Twelfth Night at the NAC: A theatrical free for all!

Reviewed by Alvina Ruprecht

Tristan D. Lalla, Bruce Dow, Janelle Cooper

Photo. Andrée Lanthier

Shakespeare has become material for all forms of experiments in countries around the world. Nowhere more so than in Quebec where he is constantly transformed, mutilated, reorganized and reworked, in most cases with much success. It is sufficient to say that Shakespeare’s material lends itself to multiple readings because the plays consist of so much richly textured material that they allow one to go beyond the limits of any one style , thus opening the doors to infinite readings. Jillian Keiley’s version of Twelfth Night, a collaborative effort with the Old Trout Puppet Theatre from Calgary makes a similar attempt.

 

The first thing one notices is the huge, voluminous set designed by Pityu Kenderes and Judd Palmer inspired by the longstanding Czech tradition of mechanical theatre sets designed for puppets but which were widely used in the French courts and public spaces during the period of baroque theatre in the early 17th Century, There are doors that slide in from the wings and partitions that fall from above. It is a beautiful independent puppet-style stage of human proportions that has the actors pushing in waves from the sea and boats bobbing in the water, fish swimming, walls falling into place and all manner of construction bits that come together on wheels and pulleys , sliding in and out, catching our eye but mostly distracting us from the actors . The set was beautiful but it did seriously upstage the human beings when it did not simply steal the show. There is a sense of imbalance between the little actors and the huge brightly coloured pieces of scenography that move into place and literally grab our attention all the way through the performance, especially since the set seems to have nothing more than a purely decorative function .The fact that the director opens up the wings and allows us to see all the backstage mechanics of the show with people changing costumes means nothing because no distanciation is necessary here. It is all performed in an imaginary world of puppets where human beings usually pull the strings backstage or wield the bodies and  puppet  sticks themselves. We see that on stage that  indicates the staging process is already an explicit part of the performance. There is no need to labour the point. It just becomes overkill.  That is a curious error of stage esthetics which left me very perplexed.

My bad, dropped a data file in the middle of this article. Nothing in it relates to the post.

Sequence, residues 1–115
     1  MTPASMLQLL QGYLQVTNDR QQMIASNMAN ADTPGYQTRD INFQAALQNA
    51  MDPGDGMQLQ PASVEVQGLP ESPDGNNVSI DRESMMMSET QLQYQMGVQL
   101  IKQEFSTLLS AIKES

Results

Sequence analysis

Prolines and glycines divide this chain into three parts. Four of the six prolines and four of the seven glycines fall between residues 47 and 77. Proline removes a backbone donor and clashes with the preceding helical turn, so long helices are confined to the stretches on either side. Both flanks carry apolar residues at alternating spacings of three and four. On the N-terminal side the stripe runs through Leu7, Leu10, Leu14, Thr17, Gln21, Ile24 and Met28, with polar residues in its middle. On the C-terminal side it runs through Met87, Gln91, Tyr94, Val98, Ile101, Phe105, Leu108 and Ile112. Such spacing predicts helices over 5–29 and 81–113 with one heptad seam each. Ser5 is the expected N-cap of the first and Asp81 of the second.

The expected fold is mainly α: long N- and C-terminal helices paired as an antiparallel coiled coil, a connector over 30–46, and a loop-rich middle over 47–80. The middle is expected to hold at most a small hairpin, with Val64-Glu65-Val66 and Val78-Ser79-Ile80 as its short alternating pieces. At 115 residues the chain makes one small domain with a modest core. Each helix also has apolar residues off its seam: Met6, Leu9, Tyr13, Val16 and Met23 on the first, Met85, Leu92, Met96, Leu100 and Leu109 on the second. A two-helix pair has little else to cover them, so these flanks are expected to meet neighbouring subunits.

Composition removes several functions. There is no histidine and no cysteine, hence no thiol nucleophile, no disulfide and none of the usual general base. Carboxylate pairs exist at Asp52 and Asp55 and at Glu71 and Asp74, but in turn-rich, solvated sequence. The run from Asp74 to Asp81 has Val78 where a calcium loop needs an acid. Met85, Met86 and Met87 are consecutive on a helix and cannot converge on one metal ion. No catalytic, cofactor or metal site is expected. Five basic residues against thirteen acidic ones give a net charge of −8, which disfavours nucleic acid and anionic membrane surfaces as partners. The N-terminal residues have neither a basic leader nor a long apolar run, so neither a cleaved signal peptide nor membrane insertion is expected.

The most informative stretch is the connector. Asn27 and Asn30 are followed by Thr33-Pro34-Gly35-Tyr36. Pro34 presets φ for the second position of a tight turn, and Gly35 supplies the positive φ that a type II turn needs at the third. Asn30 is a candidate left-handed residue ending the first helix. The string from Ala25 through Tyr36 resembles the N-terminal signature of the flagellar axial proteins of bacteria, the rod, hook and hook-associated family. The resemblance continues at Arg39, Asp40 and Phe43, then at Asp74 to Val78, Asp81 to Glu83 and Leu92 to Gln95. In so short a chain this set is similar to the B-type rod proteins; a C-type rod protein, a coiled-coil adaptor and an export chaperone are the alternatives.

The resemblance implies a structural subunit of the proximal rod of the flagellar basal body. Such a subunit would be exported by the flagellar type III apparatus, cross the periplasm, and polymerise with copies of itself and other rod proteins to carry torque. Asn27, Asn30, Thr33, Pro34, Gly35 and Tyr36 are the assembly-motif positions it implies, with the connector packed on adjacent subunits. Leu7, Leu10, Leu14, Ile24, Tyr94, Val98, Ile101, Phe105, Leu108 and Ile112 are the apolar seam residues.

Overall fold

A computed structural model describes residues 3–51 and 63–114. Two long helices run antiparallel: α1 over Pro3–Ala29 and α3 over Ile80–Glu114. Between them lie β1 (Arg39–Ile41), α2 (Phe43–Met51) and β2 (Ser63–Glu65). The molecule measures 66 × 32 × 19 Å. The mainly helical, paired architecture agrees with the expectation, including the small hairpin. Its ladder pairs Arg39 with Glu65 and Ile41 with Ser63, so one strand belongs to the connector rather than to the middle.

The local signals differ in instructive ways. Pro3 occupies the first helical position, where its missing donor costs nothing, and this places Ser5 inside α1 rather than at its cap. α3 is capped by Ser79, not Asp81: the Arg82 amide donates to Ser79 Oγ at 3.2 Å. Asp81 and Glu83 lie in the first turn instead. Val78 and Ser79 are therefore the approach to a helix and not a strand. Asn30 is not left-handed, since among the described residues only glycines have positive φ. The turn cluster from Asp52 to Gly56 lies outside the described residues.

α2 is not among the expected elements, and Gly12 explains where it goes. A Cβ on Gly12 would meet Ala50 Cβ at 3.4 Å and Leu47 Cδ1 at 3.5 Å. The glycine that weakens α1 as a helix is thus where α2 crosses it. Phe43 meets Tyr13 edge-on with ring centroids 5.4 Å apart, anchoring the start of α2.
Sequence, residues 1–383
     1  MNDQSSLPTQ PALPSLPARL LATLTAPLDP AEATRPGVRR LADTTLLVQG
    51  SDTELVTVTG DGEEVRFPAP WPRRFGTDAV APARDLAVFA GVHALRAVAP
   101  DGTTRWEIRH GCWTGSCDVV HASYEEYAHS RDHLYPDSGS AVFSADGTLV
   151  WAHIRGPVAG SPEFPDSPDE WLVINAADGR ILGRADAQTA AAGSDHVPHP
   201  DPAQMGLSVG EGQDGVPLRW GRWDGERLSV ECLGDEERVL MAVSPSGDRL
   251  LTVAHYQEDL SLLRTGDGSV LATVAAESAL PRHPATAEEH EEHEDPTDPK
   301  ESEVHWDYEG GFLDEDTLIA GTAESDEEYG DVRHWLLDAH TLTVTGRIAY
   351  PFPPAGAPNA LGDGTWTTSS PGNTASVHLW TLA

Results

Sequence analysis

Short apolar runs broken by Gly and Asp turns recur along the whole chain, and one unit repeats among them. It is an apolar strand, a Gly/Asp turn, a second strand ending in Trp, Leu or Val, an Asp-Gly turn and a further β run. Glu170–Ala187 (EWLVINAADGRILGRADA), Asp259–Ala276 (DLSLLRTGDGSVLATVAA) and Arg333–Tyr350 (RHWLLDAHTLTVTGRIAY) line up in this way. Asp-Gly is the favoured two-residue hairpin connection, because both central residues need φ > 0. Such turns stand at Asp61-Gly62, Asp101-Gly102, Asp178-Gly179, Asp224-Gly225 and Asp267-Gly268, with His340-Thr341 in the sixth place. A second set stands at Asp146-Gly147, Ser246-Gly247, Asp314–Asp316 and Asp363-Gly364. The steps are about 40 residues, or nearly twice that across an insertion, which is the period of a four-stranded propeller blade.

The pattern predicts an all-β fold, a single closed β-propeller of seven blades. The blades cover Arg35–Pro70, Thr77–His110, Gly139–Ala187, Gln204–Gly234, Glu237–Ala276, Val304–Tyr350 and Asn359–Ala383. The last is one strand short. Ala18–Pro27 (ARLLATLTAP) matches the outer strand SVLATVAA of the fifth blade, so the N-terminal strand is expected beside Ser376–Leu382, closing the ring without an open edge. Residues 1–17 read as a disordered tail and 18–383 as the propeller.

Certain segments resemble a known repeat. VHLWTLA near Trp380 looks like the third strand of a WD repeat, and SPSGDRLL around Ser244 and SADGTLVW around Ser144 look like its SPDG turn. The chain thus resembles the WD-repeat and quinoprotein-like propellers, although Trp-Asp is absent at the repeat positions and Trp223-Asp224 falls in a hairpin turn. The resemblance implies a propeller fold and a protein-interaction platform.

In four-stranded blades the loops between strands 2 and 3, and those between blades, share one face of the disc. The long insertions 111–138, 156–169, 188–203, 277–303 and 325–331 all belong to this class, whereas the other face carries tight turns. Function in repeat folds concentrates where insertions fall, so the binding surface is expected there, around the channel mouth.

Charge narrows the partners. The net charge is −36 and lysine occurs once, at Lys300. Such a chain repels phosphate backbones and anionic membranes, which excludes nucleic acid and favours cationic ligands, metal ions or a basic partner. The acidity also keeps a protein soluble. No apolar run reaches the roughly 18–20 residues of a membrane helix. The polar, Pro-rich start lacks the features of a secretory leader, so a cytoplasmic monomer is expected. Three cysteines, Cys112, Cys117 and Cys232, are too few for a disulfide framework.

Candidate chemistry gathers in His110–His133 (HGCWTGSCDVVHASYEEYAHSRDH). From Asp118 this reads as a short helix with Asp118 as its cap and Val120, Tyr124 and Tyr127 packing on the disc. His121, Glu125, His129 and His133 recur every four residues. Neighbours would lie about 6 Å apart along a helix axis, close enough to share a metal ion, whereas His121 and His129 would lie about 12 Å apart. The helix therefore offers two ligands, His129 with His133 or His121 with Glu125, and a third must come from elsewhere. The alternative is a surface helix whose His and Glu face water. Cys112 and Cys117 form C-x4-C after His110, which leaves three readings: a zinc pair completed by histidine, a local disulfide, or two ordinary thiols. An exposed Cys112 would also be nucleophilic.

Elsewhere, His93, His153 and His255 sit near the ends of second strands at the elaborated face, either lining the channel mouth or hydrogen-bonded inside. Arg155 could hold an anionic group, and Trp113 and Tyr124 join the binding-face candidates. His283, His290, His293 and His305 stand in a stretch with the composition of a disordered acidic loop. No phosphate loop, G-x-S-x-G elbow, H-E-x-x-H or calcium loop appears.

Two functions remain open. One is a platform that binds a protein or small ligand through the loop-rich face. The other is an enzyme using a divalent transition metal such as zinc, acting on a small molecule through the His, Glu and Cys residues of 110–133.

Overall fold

Then there is a sense that the director has accumulated all the gags possible to get laughs. Often with the help of the puppet makers who attatch legs and arms and heads and torsos to create funny creatures and give human bodies a cartoon stance as they race across the set, splash in the bathub, dance in front of the windows, slip around backstage and just make themselves the figures of quirky and mysteriously funny moments. Ingeneous stage business but to what end?

And there is a choice of actors whose levels of Shakespearean experience appear to be so unequal that it is hard to fit them together at times except that they all melt together as cartoon characters doing their thing with more or less success, especially where the spoken word is concerned. The Shakespearean fool was very popular with his cod piece and guitar that titillated the audience and elicited applause when he played and sung contemporary songs at the most unexpected moments. One could say that this all corresponds to Shakespeare’s purposely grotesque style of comedy , when actors appear as overblown individuals who look like deformed walking puppets with painted heads, along side aristocratic characters such as the Duke of Orsinio, Olivia , Sir Toby Belch and Andrew Aguecheek , dressed in 17th century costumes..